Author Topic: Champagne Problems  (Read 5949 times)

AmCap

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Champagne Problems
« on: May 22, 2013, 07:52:23 AM »
Like any securitization, LC's structure makes yields more attractive relative to risk in a lending situation because it provides diversification and liquidity.  This structure then encourages more people to lend, as we've seen over the last 6 months.  At what point does the borrower side of the benefit come in via lower cost of borrowing.  Part of the rationale for securitization in other contexts is that, as lending into the structure becomes more attractive and more lenders enter to market, interest rates should drop because of the increased supply of money.

When will LC get there?  At some point, to meet the demand on the investor side, aren't they simply going to have to lower yields to entice more borrowers to borrow?

Show Me The $

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Re: Champagne Problems
« Reply #1 on: May 22, 2013, 08:09:04 AM »
Funny you mention this. I was wondering the same thing. If they wanted to actually truly HELP the borrower they would lower rates up until investor appetite and Borrower needs have an equilibrium. This would suck for us, but most of us would stay put....since we have lack of choice for yield today.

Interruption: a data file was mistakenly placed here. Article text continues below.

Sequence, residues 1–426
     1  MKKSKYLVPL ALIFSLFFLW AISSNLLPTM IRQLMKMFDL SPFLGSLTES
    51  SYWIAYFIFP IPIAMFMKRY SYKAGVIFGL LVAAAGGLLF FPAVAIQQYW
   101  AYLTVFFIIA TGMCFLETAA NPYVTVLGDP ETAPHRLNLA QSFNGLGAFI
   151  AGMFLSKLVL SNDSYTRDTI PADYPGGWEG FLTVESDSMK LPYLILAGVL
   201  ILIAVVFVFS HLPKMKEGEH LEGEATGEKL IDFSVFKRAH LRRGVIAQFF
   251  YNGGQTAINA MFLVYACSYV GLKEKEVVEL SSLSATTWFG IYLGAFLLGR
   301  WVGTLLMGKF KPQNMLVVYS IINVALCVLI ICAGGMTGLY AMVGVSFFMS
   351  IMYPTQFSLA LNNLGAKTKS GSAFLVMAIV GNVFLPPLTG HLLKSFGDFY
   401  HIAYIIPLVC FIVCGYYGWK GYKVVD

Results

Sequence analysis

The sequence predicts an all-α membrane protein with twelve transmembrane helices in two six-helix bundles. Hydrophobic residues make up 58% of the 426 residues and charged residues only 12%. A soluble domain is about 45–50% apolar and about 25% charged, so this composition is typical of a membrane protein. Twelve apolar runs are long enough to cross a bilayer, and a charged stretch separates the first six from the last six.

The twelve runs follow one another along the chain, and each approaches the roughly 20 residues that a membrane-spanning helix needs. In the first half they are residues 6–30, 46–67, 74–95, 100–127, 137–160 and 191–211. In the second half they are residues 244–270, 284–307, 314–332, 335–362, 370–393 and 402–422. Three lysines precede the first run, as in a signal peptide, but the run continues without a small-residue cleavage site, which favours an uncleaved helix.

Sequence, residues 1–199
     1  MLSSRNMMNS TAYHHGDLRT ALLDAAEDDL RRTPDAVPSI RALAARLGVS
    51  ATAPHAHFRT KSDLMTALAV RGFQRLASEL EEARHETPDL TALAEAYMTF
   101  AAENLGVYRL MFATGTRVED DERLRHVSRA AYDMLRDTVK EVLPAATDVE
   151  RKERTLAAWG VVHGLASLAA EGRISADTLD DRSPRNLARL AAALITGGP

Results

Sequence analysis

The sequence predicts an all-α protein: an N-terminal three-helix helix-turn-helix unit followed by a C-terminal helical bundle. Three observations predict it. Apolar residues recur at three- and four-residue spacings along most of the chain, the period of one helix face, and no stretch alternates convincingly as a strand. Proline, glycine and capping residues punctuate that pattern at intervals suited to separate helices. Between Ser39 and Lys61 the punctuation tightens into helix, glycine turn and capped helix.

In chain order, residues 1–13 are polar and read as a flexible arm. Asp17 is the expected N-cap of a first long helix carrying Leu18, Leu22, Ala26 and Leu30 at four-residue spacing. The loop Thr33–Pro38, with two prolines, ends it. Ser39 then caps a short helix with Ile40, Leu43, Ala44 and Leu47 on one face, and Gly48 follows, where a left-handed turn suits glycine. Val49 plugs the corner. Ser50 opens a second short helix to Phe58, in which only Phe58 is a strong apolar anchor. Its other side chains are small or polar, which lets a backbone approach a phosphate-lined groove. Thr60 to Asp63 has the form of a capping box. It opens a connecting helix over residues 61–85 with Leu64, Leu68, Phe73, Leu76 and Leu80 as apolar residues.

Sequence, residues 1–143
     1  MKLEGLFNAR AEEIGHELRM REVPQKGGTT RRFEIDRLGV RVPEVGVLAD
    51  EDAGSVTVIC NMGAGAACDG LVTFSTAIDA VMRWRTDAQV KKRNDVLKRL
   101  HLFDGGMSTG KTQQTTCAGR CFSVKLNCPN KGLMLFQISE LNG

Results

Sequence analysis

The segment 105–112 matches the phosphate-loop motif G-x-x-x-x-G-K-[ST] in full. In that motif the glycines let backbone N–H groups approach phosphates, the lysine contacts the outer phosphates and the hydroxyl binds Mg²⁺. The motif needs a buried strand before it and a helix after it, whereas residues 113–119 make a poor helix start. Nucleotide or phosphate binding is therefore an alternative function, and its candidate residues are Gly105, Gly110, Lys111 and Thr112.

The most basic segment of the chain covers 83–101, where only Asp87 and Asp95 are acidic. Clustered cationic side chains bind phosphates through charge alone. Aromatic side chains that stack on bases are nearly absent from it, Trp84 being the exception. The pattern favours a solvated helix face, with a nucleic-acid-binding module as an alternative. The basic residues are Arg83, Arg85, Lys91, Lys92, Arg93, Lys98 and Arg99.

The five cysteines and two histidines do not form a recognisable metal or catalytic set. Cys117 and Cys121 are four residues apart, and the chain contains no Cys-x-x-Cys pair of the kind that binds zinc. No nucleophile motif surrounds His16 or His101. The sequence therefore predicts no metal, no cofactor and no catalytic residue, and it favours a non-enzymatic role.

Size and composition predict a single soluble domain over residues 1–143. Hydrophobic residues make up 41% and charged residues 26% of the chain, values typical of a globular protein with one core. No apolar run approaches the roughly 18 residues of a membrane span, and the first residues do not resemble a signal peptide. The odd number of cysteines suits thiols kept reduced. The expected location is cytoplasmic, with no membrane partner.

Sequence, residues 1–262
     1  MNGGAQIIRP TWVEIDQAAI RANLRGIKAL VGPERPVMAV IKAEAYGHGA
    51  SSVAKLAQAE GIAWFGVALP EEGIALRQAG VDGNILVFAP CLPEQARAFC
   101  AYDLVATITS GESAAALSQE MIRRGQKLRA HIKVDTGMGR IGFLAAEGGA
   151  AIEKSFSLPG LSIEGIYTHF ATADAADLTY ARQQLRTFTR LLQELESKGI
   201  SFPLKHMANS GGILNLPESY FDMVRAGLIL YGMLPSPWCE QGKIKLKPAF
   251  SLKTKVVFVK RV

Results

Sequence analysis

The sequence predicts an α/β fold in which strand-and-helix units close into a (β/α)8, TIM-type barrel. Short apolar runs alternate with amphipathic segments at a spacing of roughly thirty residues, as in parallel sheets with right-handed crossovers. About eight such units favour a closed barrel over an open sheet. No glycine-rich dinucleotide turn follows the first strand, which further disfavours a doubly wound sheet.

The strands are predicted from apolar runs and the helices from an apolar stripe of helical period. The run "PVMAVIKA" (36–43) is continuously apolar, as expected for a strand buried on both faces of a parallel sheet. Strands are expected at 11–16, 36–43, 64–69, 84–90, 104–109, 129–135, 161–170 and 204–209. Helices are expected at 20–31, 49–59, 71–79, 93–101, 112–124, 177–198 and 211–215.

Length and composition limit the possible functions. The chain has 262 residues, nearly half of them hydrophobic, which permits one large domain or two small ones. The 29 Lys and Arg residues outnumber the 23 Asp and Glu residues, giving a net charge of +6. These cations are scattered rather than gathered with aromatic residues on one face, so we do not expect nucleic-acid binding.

rawraw

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Re: Champagne Problems
« Reply #2 on: May 22, 2013, 05:50:12 PM »
Like any securitization, LC's structure makes yields more attractive relative to risk in a lending situation because it provides diversification and liquidity.  This structure then encourages more people to lend, as we've seen over the last 6 months.  At what point does the borrower side of the benefit come in via lower cost of borrowing.  Part of the rationale for securitization in other contexts is that, as lending into the structure becomes more attractive and more lenders enter to market, interest rates should drop because of the increased supply of money.